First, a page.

Porcini Mushroom Adventure

Food is nearly always top priority for Italians. A certain delicacy may even be worth physical risk.  One example is the behavior of Roman cameraman Massimo Mariani.  According to the story recounted to me by CBS producer/editor Jos Mason, Massimo was in the back of a jeep headed with a CBS crew down some rough roads in Kosovo looking for Kosovo Liberation Army soldiers.  Among the crew was war-hardened correspondent Allan Pizzey.  At one point the crew stopped a peasant and asked if he knew where they could find some KLA soldiers.  The peasant pointed them down a dirt track.  They jostled down the track for awhile and into some woods.  Suddenly they noticed that the track ahead had been recently dug up.  Pizzey decided they would go no further.  There was a chance the track could be mined.  (They later learned that a group of Serb militiamen, impersonating KLA soldiers, were up the road.)  They turned around and headed gingerly back up the track.  Suddenly, from the back seat, Massimo let out a shout, “STOP!” He jumped out of the car and ran into the woods and dove for the ground.  The others glanced around, panicking.  Moments later, Massimo returned to the car with an enormous porcini mushroom in his hand, and a huge grin on his face.

“Look,” he said, eyeing his giant treasure, “I can slice it up, I can dry it out.  It will make a wonderful pasta sauce.”

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Post in: Italiano

Trisha Thomas
Trisha is a TV journalist working for AP TV News in Rome. She is married to an Italian and is a Mamma of three.

5 Comments

  1. lisa chiodo
    2011/09/14

    Great story I can totally believe it! Ahhh Italians and their mushrooms!
    ciao lisa

    Reply
  2. Liz Cameron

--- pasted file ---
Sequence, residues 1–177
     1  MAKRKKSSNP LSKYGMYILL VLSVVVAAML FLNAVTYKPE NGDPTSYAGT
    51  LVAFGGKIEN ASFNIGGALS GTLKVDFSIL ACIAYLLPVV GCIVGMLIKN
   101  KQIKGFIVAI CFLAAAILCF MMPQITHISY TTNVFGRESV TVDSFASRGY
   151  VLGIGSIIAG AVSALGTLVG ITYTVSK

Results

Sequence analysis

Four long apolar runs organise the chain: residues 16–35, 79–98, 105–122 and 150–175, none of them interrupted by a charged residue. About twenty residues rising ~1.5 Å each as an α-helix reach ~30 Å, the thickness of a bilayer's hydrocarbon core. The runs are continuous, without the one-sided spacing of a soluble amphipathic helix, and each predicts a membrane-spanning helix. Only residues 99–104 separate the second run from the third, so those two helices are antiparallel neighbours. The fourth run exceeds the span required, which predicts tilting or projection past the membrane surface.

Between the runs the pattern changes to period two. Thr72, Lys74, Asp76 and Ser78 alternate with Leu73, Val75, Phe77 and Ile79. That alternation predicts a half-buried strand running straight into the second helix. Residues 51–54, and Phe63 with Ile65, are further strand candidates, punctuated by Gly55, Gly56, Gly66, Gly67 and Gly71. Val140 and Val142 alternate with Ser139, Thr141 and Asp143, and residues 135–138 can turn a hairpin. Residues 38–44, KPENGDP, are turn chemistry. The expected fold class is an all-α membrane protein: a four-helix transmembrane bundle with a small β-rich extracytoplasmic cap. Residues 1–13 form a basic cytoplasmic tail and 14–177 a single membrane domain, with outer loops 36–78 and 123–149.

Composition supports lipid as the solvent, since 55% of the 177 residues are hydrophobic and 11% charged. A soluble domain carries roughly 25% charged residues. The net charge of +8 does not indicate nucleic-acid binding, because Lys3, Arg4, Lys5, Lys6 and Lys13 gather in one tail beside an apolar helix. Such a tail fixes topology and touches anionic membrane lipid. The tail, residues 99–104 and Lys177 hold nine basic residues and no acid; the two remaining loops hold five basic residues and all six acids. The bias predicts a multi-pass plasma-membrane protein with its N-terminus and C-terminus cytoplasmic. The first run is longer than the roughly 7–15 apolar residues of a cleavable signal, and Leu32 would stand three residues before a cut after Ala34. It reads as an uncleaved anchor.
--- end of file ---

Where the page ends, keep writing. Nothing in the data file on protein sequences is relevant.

2011/09/14

    What an image – porcini mushrooms in a war zone. Fab story. What types of food were you thinking about/harvesting during that coup in the Philippines? ;)

    Reply
    • Trisha Thomas
      Trisha Thomas
      2011/09/14

      I think you got the key there Liz. Italians are always thinking about food, even in a war zone. I definitely was not thinking about food during coup attempts in the Philippines. (By the way, probably the Filipinos were not either. The Filipino cuisine was a lot of rice and fish, and I did not find it particularly exciting). Or maybe it is a Mediterranean thing. When you are in Turkey do you find people are thinking and talking about food most of the time? The few times I was in Istanbul I found the food to be divine. I hope my followers will visit you website Slowly-by-Slowly and see all your beautiful pictures of Turkish food. Followers: You can read on her website about Leblebi, Simit, Su Boregii and Peynir in a fascinating post on Turkish junk food: http://slowly-by-slowly.com/2011/09/14/turkish-junk-food/

      Reply
  3. Allen Pizzey
    2011/09/16

    TRISH — one too many bottles of vino rosso on the day you wrote (or remembered) the porcini mushroom story.
    It’s all true, except the perpetrator was Massimo MARIANI, a distinguished Italian cameraman who works for CBS.
    When he yelled STOP” I, and everyone else in the armoured Land Rover, nearly had a heart attack as I hit the brakes.
    We thought he’d spotted a land mine.
    And then, to add insult to injury, he dried the porcini on the window sill of his hotel room in Pristina, took it back to London with him, and then had the cheek to call me in Rome to wax lyrical over the “sugo magnifico” it made.

    .

    Reply
    • Trisha Thomas
      Trisha Thomas
      2011/09/16

      You are probably right Pizzey, one too many bottles of vino rosso, and if I am going to keep up this blog I think I might need a few more bottles. If you talk to Massimo Mariani again, tell him to send me his recipe for the “sugo magnifico” and I will stick it in this blog.

      Reply

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